On Earth Day, images of thriving wildlife remind us of the need to preserve our planet’s diversity

Lions take a leisurely nap on a tourist- and traffic-free road in South Africa’s Kruger National Park. Photo by Richard Sowry/Kruger National Park


You’ve seen those cute videos and heartwarming news stories: kangaroos hopping through the streets of Adelaide, Australia; penguins exploring Cape Town, South Africa; deer grazing on the lawn of an apartment complex in London; bears stretching their legs in Yosemite National Park; and coyotes wandering through neighborhoods in San Francisco. With the coronavirus pandemic keeping people indoors around the world, animals are thriving, by all reports, bringing much-needed smiles to our faces and reminding us this Earth Day that we have a responsibility to share our planet with our fellow creatures.

Restrictions on travel and industry to stop the spread of the coronavirus have led to unprecedented drops in deadly air pollution in major cities around the world. The Associated Press reports that the air from Boston to Washington is its cleanest since a NASA satellite started measuring nitrogen dioxide in 2005, and in Los Angeles, air pollution is down 29 percent compared to the previous five years. In northern India, people are seeing the Himalayas clearly for the first time in 30 years.

The fact that fewer people are out and about also means fewer wild animals on land and in the waterways are being killed by cars and boat strikes (the number of animals killed in such incidents range in the hundreds of millions globally each year).

The BBC reports that in Thailand, a record number of baby leatherback sea turtles have hatched in the country’s southern Phang Nga province, famous for its beaches. Biologists say there are more turtle nests this year than there have been in the past 20 years, and attribute it to the fact that the coronavirus has kept away tourists, leaving the beaches and the turtles in peace. In Florida, scientists expect to see similar effects on leatherback turtles now nesting on the state’s east coast.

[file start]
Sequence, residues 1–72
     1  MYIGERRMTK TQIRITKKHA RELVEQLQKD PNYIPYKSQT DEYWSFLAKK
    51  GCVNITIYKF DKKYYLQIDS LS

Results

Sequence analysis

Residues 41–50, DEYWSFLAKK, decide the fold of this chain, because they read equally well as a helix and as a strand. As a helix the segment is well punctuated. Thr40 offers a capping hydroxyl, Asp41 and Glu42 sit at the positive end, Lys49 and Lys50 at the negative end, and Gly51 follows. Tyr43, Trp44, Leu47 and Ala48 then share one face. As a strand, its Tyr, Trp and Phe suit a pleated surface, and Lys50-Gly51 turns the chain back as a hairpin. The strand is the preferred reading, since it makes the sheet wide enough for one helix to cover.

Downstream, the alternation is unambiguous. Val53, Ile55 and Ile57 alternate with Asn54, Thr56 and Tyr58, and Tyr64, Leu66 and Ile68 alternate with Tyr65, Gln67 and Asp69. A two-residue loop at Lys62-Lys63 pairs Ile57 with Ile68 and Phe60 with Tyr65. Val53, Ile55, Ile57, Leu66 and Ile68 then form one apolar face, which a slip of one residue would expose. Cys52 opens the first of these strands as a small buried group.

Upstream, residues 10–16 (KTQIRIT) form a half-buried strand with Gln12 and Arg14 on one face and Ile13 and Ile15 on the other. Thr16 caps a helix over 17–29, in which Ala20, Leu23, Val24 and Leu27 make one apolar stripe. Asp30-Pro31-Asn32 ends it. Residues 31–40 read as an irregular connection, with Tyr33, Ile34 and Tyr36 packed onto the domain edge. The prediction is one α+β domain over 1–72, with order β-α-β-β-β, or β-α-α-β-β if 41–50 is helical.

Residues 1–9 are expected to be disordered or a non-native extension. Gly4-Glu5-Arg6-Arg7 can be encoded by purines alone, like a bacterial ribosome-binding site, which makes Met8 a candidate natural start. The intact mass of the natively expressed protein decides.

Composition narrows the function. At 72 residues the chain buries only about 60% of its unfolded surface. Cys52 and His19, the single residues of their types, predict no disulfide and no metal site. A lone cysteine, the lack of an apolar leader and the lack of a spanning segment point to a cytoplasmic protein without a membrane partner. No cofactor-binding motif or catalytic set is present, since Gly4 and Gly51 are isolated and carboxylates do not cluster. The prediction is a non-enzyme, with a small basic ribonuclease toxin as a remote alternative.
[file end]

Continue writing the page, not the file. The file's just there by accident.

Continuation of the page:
Incidents of boats hitting manatees are down— according to the Florida Fish and Wildlife Conservation Commission, as of April 10, there have been 24 manatee deaths by boat so far this year, down from 41 for the same period last year.

The U.S. National Park Service reports that in the Grand Canyon National Park, which has been closed since the beginning of April, there have been fewer vehicle-caused mortalities involving elk, mule deer and other species.

In their way, these examples and statistics are also a sobering reminder of just how deeply human development and lifestyles can shape the fate of wildlife around the world. From mountain lions in California to elephants in Africa to wolves in Oregon and Washington state, animals have less space to call home than ever before This is something we shouldn’t forget when the coronavirus subsides and we are able to return to our past routines.

It is also time to take stock of practices that have led to the decline in many wildlife species—practices that the Humane Society and its affiliates have long sought to change, including encroachment on wildlife habitat, poaching, trophy hunting, wildlife markets and the wildlife trade.

The lockdowns will end some day and we will face a new kind of world, one in which we have recognized the dangerous effects of certain human practices through which we endanger not just wildlife but ourselves. We should begin thinking about what kind of world that is going to be. And in the meantime, we can all take some steps to ensure the health of our planet and its diverse wildlife, by refusing to buy wild, refusing to participate in wildlife tourism that exploits captive animals, and by lobbying local and state policymakers for wildlife-friendly laws and regulations.

On this Earth Day, you can also consider the role you play in your own backyard and beyond, from planting native plants that provide habitat and food wild animals need to reducing mowed spaces and the use of pesticides and herbicides. Doing so can turn any outdoor area (big or small) into a safe place for wildlife, and, in the process, help the planet thrive.



Wildlife/Marine Mammals

Published at Wed, 22 Apr 2020 21:57:38 +0000